It also depicts a young girl who is longing for a forbidden fruit that her father and mother have warned her against completely.
References Tate Report —96,p. Sir Nathaniel Bacon, born at Redgrave in Suffolk in Augustwas a kinsman of the natural philosopher and politician — and horticultural enthusiast — Sir Francis Bacon, and was the youngest of the nine sons of Sir Nicholas Bacon of Redgrave, the premier baronet of England.
He himself was awarded the Order of the Bath inbut was only to enjoy his title for a little over a year. Only a handful of paintings by him are currently known. Nathaniel Bacon seems to have spent most of his life in Suffolk.
He grew up at Redgrave Hall now demolished and, on his marriage inacquired nearby Culford Hall from his parents, four miles north of Bury St Edmunds, and Brome Hall through his wife. In Britain at this period, where almost all painters were artisans — and were certainly viewed as such — A literary analysis of wild plums was an exception.
As a gentleman, Bacon did not need to paint for his living, but nevertheless it is clear that his art was of considerable personal significance to him. The main source of such personal information about Bacon as survives is a group of letters still in the possession of his descendants.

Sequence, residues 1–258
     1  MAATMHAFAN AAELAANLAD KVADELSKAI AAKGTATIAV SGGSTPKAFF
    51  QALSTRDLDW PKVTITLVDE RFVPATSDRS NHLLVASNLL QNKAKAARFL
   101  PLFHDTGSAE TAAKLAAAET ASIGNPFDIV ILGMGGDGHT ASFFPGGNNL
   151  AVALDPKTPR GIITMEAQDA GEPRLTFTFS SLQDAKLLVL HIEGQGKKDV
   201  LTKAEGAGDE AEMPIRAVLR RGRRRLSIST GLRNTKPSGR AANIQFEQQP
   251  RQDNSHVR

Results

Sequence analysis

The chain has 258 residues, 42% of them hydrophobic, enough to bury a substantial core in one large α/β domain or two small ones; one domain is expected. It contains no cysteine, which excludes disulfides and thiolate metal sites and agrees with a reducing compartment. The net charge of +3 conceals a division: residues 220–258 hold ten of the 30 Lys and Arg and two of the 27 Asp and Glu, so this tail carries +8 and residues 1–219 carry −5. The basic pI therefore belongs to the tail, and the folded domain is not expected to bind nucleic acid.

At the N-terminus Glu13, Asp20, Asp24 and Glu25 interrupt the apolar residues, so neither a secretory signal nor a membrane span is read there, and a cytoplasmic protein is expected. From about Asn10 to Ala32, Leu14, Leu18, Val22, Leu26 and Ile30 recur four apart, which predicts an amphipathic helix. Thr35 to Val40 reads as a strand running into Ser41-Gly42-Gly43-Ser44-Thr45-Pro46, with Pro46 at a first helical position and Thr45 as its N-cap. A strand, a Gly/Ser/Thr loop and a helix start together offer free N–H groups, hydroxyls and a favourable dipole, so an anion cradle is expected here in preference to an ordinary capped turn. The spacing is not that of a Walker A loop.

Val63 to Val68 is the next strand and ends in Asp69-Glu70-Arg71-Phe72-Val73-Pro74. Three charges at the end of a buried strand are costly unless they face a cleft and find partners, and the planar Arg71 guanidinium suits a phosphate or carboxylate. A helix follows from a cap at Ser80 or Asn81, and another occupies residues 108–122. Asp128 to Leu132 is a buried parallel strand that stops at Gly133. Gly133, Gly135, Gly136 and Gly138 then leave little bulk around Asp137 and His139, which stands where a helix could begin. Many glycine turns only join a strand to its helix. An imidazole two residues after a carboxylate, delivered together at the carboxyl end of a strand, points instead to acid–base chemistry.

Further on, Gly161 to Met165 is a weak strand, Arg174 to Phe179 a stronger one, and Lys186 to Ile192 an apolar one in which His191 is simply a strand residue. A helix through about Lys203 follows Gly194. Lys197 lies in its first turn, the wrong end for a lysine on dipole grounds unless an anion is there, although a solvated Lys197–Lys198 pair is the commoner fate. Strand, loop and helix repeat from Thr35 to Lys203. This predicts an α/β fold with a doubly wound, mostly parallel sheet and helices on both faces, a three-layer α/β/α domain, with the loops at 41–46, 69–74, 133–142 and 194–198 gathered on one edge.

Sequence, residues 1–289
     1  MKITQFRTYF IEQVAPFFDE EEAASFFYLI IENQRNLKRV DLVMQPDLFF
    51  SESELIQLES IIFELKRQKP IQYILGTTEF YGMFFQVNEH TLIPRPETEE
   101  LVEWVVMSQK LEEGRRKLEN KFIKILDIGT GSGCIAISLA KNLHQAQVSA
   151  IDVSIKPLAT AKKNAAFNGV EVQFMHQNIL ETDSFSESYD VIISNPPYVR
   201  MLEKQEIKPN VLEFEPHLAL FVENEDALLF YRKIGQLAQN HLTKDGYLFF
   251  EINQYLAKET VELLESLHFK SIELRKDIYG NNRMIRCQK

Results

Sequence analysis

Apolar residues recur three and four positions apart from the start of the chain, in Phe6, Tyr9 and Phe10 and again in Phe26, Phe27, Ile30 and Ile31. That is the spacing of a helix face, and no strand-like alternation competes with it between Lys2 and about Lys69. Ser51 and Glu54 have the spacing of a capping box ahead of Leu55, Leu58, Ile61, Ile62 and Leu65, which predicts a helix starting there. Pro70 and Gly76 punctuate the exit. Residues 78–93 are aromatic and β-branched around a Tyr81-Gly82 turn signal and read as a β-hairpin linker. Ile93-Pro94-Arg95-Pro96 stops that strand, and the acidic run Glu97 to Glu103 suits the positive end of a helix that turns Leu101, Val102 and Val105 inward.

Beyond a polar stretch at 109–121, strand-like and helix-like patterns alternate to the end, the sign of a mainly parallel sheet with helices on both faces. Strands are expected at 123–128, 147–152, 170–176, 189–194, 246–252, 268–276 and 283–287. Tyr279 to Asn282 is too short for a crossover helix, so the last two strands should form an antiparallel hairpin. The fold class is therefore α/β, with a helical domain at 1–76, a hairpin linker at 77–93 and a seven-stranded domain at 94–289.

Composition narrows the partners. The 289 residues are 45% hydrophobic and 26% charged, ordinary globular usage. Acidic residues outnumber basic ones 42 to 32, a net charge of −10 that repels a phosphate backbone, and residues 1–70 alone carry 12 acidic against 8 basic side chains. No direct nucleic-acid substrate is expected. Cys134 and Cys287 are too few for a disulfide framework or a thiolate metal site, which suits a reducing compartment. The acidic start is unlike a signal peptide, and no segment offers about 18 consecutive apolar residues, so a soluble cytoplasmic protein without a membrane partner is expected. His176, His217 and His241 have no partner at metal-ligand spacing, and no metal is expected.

So great was his enthusiasm for and knowledge of this subject that it, too, is highlighted on his funerary monument, in this case in the Latin inscription, which may be translated thus: You have seen enough. The Antwerp artist Frans Snijders — was a major exponent of the genre, and it is worth noting that Bacon was on his way to that city in It has recently been suggested by Margaret Sullivan that Aertsen devised his cookmaid and market scenes to please an increasingly highly educated section of Netherlandish society, who were purchasing books written in Latin in ever-growing numbers.
Sullivan observes first, that Pliny the Elder legitimated low-life painting in his Natural History, and second, that in the writings of such satirists as Juvenal, Horace, Martial and Persius, fruit and vegetables, meat and fish, the kitchen and the market place were loaded with moral connotations.
Indeed, Aertsen and his followers selected exactly the produce that was given a prominent and moralising role in ancient literature, such as the large and luxuriant cabbage.
Simultaneously, the artist was displaying his skill as an illusionist in capturing a diverse range of objects and textures, and meeting the standards set by the painters of antiquity, such as Zeuxis.
So the artist who made, and the collector who displayed such works — which in the case of Bacon were one and the same — would be demonstrating a sophisticated response to the classical authors, knowledge of whose works was the mark of a gentleman.
In the present painting, the dish filled with grapes in the lower right-hand corner dates from between and and is Chinese. It is a type of porcelain made for export for Europe, known as kraak ware. Indeed, on his death inthe Earl himself owned at least 60 pieces of porcelain.
Dr Barrie Juniper has made a close analysis of the produce depicted, 19 some of which had originated in the post-Colombian New World, such as, on the right of the picture, marrows Cucurbita peposquashes Cucurbita mixta and C.